## Calculus AB and Calculus BC

## CHAPTER 7 Applications of Integration to Geometry

### C. ARC LENGTH

If the derivative of a function *y* = *f* (*x*) is continuous on the interval *a* *x* *b*, then the length *s* of the arc of the curve of *y* = *f* (*x*) from the point where *x* = *a* to the point where *x* = *b* is given by

Here a small piece of the curve is equal approximately to

As Δ*x* → 0, the sum of these pieces approaches the definite integral above.

If the derivative of the function *x* = *g*(*y*) is continuous on the interval *c* ≤ *y* ≤ *d*, then the length *s* of the arc from *y* = *c* to *y* = *d* is given by

If a curve is defined parametrically by the equations *x* = *x*(*t*) and *y* = *y*(*t*), if the derivatives of the functions *x*(*t*) and *y*(*t*) are continuous on |*t** _{a}*,

*t*

*], (and if the curve does not intersect itself), then the length of the arc from*

_{b}*t*=

*t*

*to*

_{a}*t*=

*t*

*is given by*

_{b}**BC ONLY**

The parenthetical clause above is equivalent to the requirement that the curve is traced out just once as *t* varies from *t** _{a}* to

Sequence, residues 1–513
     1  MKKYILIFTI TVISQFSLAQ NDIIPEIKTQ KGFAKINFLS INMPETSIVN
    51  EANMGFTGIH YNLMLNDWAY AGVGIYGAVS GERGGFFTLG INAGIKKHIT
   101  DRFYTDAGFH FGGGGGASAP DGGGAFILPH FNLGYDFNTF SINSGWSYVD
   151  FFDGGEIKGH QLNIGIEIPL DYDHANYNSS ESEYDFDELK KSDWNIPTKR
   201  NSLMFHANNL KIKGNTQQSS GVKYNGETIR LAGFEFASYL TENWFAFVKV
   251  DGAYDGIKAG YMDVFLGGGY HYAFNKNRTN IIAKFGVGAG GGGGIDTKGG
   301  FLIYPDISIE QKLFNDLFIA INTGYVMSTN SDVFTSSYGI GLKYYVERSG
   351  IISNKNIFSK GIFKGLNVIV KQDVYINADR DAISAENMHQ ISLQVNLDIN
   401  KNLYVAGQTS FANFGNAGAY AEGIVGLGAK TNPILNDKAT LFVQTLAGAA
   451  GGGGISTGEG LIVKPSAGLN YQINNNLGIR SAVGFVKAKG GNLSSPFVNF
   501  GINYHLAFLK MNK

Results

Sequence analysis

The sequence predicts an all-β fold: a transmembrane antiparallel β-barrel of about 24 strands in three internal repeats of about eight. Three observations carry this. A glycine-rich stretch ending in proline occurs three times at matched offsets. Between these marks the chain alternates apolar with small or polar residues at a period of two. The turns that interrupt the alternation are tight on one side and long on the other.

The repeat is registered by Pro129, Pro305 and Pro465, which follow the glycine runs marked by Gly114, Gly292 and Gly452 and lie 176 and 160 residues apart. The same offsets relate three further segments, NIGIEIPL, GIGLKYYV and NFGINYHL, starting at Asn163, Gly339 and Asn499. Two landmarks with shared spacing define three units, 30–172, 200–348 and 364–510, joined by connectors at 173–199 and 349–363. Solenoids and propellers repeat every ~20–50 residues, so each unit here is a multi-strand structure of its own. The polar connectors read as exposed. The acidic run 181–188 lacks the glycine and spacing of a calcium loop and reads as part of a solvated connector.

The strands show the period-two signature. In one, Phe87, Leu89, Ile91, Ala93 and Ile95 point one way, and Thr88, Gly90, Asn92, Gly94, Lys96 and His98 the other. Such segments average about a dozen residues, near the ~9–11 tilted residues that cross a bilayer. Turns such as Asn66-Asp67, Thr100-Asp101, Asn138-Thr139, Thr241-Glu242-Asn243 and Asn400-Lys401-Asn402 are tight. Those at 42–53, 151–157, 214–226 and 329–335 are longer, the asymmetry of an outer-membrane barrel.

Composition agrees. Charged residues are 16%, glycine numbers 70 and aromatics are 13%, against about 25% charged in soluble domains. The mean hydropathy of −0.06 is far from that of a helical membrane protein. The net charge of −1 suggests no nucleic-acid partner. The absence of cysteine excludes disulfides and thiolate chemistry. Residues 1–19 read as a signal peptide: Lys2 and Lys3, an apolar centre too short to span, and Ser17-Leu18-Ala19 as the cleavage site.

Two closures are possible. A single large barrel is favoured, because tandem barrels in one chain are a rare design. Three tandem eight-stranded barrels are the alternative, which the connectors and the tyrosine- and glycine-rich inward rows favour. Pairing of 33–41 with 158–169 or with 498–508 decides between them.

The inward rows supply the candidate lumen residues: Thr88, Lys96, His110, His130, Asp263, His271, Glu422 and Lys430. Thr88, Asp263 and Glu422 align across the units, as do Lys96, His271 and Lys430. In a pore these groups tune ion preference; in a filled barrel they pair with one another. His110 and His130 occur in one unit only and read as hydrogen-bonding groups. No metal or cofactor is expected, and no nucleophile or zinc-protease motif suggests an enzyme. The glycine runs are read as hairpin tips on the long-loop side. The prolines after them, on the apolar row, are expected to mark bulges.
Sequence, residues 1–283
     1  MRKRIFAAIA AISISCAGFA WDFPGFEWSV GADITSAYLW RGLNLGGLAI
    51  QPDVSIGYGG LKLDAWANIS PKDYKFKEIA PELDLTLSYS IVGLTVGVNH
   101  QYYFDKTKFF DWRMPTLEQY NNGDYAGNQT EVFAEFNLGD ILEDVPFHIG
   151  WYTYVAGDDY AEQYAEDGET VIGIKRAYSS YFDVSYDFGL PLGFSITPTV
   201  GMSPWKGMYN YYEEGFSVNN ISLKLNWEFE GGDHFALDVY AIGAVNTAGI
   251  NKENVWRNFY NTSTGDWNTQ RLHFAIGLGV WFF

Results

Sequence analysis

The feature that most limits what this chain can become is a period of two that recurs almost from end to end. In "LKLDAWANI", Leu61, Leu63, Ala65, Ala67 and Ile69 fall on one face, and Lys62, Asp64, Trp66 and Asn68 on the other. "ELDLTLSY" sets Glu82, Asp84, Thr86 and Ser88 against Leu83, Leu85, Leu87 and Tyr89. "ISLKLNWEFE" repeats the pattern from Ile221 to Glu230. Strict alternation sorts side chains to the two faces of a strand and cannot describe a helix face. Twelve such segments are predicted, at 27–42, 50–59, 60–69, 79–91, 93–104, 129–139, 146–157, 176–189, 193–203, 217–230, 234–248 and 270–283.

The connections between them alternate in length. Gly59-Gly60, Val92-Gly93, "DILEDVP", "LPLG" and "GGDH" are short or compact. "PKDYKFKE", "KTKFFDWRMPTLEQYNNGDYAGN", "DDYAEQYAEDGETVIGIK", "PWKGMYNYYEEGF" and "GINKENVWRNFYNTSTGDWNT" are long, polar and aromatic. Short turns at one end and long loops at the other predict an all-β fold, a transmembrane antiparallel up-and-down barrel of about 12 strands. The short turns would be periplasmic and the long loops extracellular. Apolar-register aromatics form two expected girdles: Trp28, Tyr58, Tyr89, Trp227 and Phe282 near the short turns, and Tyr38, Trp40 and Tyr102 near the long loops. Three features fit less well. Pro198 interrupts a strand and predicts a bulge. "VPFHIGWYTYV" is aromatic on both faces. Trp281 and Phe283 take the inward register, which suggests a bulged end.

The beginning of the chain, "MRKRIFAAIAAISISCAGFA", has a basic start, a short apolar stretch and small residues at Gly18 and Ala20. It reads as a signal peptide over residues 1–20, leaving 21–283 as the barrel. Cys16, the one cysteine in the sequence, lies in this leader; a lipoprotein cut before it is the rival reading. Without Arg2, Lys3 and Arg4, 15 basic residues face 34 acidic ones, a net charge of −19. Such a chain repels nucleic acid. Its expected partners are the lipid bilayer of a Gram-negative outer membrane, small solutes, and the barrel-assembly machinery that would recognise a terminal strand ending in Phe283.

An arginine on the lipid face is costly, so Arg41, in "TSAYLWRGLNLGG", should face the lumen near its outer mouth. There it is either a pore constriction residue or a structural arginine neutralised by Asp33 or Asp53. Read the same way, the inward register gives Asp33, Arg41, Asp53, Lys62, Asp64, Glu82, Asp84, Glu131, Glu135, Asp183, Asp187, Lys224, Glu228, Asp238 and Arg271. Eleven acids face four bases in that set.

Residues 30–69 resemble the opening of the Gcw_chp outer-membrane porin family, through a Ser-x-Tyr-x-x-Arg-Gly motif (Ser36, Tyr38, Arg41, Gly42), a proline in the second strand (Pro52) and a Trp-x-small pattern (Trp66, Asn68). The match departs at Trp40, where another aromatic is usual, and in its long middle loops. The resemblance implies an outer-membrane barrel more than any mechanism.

*t*

*.*

_{b}As indicated in Equation (4), formulas (1), (2), and (3) can all be derived easily from the very simple relation

and can be remembered by visualizing Figure N7–21.

**FIGURE N7–21**

**EXAMPLE 13**

Find the length, to three decimal places, of the arc of *y* = *x*^{3/2} from *x* = 1 to *x* = 8.

**SOLUTION:** Here

**EXAMPLE 14**

Find the length, to three decimal places, of the curve (*x* − 2)^{2} = 4*y*^{3} from *y* = 0 to *y* = 1.

**SOLUTION:** Since *x* − 2 = 2*y*^{3/2} and Equation (2) above yields

**EXAMPLE 15**

The position (*x*, *y*) of a particle at time *t* is given parametrically by *x* = *t*^{2} and Find the distance the particle travels between *t* = 1 and *t* = 2.

**SOLUTION:** We can use (4): *ds*^{2} = *dx*^{2} + *dy*^{2}, where *dx* = 2 *t* *dt* and *dy* = (*t*^{2} − 1) *dt*. Thus,

**BC ONLY**

**EXAMPLE 16**

Find the length of the arc of *y* = ln sec *x* from *x* = 0 to

**SOLUTION:**